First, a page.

I’ve not posted in ages, and I realise you have all been pining for my pearls of wisdom. Or not.
On this gorgeous Saturday, when I should be out in the garden seeing to my fruit & veg patch that is going wild (mainly with weeds), I am instead, lying on the sofa with a sprained ankle or irritated tendon. Or both.
And so, I may as well take the time to give you and update on what’s been happening with Man Food.
To date, we’ve been attending farmer’s markets at Ely and St Ives in Cambridgeshire, and the nice thing is that we’re getting a core loyal following, as well as new sales each time. But let’s rewind a little, to just summarise some of the things that needed to happen before there was a product in a pot.
I’m not going to lecture you on how to start up a business etc: there are people who do that, and there are people who’ve written books on the subject, as well as other ‘must have’ topics. I just want to outline a brief (hopefully) description of my own experience.
We started out with one initial product (Piccalilli), and from there I came up with a collective concept – Man Food. Basically a group of foods targeted specifically at men. I was inspired by my own (and my family’s behaviour): from my experience, when men come home, they raid the cupboards and fridge looking for snacks or something to munch. They want instant gratification.
I can’t tell you the number of times I recall my mother telling my dad off for raiding the cupboards, when she was just about to start making dinner. And so the name and idea of Man Food came into being, based on my experience of how the men and women in my family eat/ approach food.
With a name and concept, the search was on for other products to add. At this point, I need to talk about numbers (sort of). If you decide to sell fresh/ chilled foods, not only are the environmental health requirements greater (and rightly so, because in theory people are going to consume them as they are), but you as the producer are exposed to greater financial risk, because you are buying ingredients which are deteriorating rapidly over time, so if you make a lot of stock, you NEED to sell it before it goes off. By deciding to go down the ambient route, my plan was that my products would not only have a long shelf life, but in the event of sales being slow, any stock I had would have a decent amount of life, which lowers the risk of wastage.
2 of the 3 other products developed selfishly: I decided to develop things that I’d want to eat, drawing inspiration from my travels, and particularly the trade shows I’d attended in America. The Achar was down to my mother. In Malaysia, this spicy, sweet and sour chilli vegetable pickle is served as a side dish. One weekend, she had sent me home with some. Not having any spare tupperware (which for an Asian mum is actually hilarious), she decanted my portion into an empty jar. I took it home, forgot about it for a week, but then tasted it again and decided that maybe it could go through a conventional pickling process.
Currently, the range is being shelf life tested. Being vinegar based, I’m expecting a minimum of 12 months, but only proper microbial lab analysis will determine this. In the meantime, having consulted with my local environmental health office, we’ve agreed a 6 month life based on initial test results.
So, I’d developed the products and costed them out (one word on this: Excel), registered myself as a food business with the local environmental health office, started producing trial batches (which allowed me to scale up my recipes and see if they worked with larger volumes), sent some off to a lab to begin shelf life testing..the next bit was the fun part: the labels.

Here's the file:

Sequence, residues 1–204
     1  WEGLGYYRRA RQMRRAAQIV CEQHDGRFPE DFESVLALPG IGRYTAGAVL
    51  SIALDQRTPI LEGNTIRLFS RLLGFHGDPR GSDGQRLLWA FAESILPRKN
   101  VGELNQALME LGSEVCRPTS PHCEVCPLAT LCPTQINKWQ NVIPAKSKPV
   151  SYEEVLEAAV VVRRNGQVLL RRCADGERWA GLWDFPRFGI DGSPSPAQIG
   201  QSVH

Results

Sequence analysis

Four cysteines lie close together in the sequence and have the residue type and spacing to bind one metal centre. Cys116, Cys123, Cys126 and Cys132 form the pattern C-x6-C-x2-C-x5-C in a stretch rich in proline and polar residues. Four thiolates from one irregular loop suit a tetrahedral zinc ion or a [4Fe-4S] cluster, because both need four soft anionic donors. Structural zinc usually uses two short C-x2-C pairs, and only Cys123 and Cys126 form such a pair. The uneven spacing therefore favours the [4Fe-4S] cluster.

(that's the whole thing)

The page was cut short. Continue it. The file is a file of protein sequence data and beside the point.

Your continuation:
Packaging is hugely important. It’s what draws the customer to the product, and what makes it stand out on the shelf. Even if the contents are rubbish, people will buy a product at least once if it looks good. Obviously though, in an ideal world, the contents would be just as wonderful as how it looks.
I got into a minor disagreement with some people on twitter about designing packaging. One of them was promoting their book on the subject, while the other had just purchased said book. At the time I said that nobody needed a book – it was just common sense. But on reflection, I was being very blasé: it’s common sense to me, because I’ve been a commercial food buyer. It was my job to spot trends and select products. The average person may find it slightly daunting.
My key piece of advice would be, if you can afford it, get a professional. There’s lots of talent out there, and in this digital age, you don’t even have to rely on someone in the UK. Websites like People Per Hour will actually allow you to post jobs and have people bid. Do bear in mind though that sometimes, you do get what you pay for.
In my case, I selected a designer based on examples of his work that I had happened to see on the internet. Nick Misani is a very talented young man (I say young, I’ve never met him in person), and I liked his use of typography. And here’s the thing – choose someone whose work you have seen, and whose style you like. It makes it a lot easier in the briefing process.
Briefing Nick involved explaining to him what my products were, how they came, the size of jar and what information was required on the label. This is actually really important, because there are a number of things that have to be present on a label in the Uk by law. A good list is here. This can then have a knock on effect on the design, because you’ve got to have room for everything.
Nick developed my design, based on a specific look and feel that I wanted. I provided him with a mood board of images that I liked: I wanted something that wouldn’t date too much, and had a slight nod to retro Americana. I hope you’ll agree that he’s done a truly amazing job.